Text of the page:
View Allison's profile


819 posts in 3795 days

#2 posted 11-17-2008 01:22 AM

It just dawned on me that you are from Southern Ca. My son was evacuated last night from his home, but believe it or not he was allowed to go home this morning. I hope you and your family is out of harms way!

-- Allison, Northeastern Ca. Remember, Amateurs built the Ark. Professionals built the Titanic!

View oldskoolmodder's profile


801 posts in 3676 days

#3 posted 11-17-2008 02:04 AM

Sad to hear of your friend passing.

Along the lines of letting the wood or design or end result/project tell you what it should be, I’m a firm believer in this idea. If you just go at it, then you aren’t doing what needs to be done. By the way, I feel this way mostly about using good quality woods, if I’m jus making a simple pine bookshelf, oddly I don’t feel the same way.

I’ll add that YES, you are still an artist if you “borrow” ideas from other works. There are so very few original ideas (it seems) anymore, so one can never be sure that you will design and build something totally original.

-- Respect your shop tools and they will respect you - Ric

View ChicoWoodnut's profile


904 posts in 3811 days

#4 posted 11-17-2008 02:16 AM

Thanks for the picture.

It’s a rare bird indeed that can come up with something completely un-borrowed. Each generation borrows from the ones that came before. It’s the temporal way of the universe.

-- Scott - Chico California

View Grumpy's profile


23916 posts in 3847 days

#5 posted 11-17-2008 04:27 AM

kolwdwrkr, sorry to hear the sad news.

-- Grumpy - "Always look on the bright side of life"- Monty Python

View Lee A. Jesberger's profile

Lee A. Jesberger

6855 posts in 3976 days

#6 posted 11-17-2008 04:45 PM


I’m sorry to hear about your friend.


-- by Lee A. Jesberger

View kolwdwrkr's profile


2821 posts in 3586 days

#7 posted 11-17-2008 06:41 PM

Allison, So far we are out of harms way. I doubt that I can say that about some previous customers though. Thanks for the worries. I wanted to say that I did lose a very good friend to drunk driving. But I wanted to say that this story is fiction. It says it in the headline. So it is made up. What is the point you ask. Well the point is that everyone that does educational writing writes in a manner that is scholastic. I want to educate people differently and do it through story. In this story I will discuss in details the process of making a piece of furniture, how to use the tools, and why some things need to be done certain ways for aesthetic purposes and for safety. This is basically a story book meant to be educational, and if it is agreed at the end that it is a well written, thought out, and educational piece I may persue publishing.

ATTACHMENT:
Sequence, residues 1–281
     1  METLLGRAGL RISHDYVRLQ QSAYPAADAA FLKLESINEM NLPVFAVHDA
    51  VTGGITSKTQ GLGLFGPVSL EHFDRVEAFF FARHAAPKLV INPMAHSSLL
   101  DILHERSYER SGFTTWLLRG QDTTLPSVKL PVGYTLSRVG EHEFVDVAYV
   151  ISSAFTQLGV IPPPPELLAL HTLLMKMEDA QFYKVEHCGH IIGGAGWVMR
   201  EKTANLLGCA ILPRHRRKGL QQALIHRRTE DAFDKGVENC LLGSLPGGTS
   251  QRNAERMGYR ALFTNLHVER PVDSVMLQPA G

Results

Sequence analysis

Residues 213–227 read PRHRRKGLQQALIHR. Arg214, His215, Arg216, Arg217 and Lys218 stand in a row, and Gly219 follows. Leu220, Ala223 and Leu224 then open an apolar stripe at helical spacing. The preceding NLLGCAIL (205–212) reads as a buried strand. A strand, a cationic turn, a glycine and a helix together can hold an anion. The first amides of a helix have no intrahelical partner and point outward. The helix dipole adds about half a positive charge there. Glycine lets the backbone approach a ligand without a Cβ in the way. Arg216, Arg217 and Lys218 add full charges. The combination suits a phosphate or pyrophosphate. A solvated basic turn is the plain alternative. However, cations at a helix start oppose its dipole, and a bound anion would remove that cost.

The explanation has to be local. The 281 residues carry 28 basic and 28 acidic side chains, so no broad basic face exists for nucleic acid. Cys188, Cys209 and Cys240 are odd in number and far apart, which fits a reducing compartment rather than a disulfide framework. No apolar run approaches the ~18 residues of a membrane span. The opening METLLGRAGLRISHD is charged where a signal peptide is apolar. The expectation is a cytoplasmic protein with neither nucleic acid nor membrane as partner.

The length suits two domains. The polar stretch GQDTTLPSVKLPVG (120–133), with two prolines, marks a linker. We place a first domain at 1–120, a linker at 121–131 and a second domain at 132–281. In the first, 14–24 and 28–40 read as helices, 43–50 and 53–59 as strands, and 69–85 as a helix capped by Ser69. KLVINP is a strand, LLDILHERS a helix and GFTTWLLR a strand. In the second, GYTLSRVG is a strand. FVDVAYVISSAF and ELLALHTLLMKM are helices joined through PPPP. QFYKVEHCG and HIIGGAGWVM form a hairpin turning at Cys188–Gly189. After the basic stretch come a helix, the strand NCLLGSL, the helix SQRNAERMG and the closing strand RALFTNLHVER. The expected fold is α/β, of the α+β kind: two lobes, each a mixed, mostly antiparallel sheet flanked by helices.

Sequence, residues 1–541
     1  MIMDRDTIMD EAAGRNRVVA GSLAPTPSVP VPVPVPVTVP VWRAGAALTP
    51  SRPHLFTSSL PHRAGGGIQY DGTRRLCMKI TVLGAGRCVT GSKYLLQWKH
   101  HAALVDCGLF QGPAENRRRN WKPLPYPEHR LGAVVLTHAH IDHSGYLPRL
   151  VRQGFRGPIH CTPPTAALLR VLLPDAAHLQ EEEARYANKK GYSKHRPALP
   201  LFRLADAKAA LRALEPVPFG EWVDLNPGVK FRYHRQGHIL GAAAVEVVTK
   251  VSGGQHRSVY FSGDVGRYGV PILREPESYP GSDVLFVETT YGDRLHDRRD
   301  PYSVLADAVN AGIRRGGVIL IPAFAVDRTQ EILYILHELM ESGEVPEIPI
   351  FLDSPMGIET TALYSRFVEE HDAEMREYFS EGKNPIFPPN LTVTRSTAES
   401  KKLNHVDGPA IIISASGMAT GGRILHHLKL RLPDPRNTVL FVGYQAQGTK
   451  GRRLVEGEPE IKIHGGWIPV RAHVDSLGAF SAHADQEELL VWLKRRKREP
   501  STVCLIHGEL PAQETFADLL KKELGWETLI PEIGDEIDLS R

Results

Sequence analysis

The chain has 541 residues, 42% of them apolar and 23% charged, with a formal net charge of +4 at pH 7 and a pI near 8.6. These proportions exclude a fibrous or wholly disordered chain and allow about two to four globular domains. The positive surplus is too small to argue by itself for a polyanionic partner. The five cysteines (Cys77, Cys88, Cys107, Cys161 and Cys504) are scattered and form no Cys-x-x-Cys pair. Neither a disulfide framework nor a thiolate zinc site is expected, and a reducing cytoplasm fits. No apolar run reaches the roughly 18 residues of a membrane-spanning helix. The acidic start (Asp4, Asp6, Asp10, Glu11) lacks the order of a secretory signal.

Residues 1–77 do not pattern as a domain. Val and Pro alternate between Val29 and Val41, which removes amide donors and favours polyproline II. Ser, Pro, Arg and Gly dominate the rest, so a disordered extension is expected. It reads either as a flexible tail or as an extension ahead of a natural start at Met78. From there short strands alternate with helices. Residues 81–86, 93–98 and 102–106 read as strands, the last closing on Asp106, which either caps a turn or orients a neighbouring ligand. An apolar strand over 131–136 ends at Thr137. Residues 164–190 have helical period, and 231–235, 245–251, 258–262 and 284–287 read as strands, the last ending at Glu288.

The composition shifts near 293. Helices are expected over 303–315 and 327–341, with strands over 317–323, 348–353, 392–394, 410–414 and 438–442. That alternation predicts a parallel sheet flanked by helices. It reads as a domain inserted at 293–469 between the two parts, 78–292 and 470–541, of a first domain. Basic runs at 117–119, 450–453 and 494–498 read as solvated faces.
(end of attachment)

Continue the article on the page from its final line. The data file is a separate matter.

I appreciate the comments so far and I hope everyone continues to read. I would also request that their be feed back too, positive or negative. If people say they don’t think this story should continue, please post a comment stating this with the reasons why.

-- ~ Inspiring those who inspire me ~

View dustygirl's profile


862 posts in 3725 days

#8 posted 11-17-2008 07:00 PM

Sorry you lost your friend.What a great thing you did by building and taking the bench to your favourite fishing hole.

-- Dustygirl..Hastings,Ontario.. How much wood can 1 gal chuck if 1 gal can't cut wood?

View Allison's profile


819 posts in 3795 days

#9 posted 11-18-2008 07:53 PM

Well it just goes to show, the headline does not make the story. When I got this post I got it through the e-mail because I have you down as a “Buddy”, Now today I received what I guess is the 3rd installment and I noticed
right away the word “Fictional” That’s why I came back to this post. Keep up the story, itis a nice approach, I for one like it. Sorry about missing the “fiction” part.

-- Allison, Northeastern Ca. Remember, Amateurs built the Ark. Professionals built the Titanic!